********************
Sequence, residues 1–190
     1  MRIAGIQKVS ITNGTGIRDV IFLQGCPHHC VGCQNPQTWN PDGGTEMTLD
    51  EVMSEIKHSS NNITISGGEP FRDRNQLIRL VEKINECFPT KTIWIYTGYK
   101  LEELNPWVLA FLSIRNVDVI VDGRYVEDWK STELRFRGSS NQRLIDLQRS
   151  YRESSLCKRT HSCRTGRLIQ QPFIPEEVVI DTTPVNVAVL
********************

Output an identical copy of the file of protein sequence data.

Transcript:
Sequence, residues 1–190
     1  MRIAGIQKVS ITNGTGIRDV IFLQGCPHHC VGCQNPQTWN PDGGTEMTLD
    51  EVMSEIKHSS NNITISGGEP FRDRNQLIRL VEKINECFPT KTIWIYTGYK
   101  LEELNPWVLA FLSIRNVDVI VDGRYVEDWK STELRFRGSS NQRLIDLQRS
   151  YRESSLCKRT HSCRTGRLIQ QPFIPEEVVI DTTPVNVAVL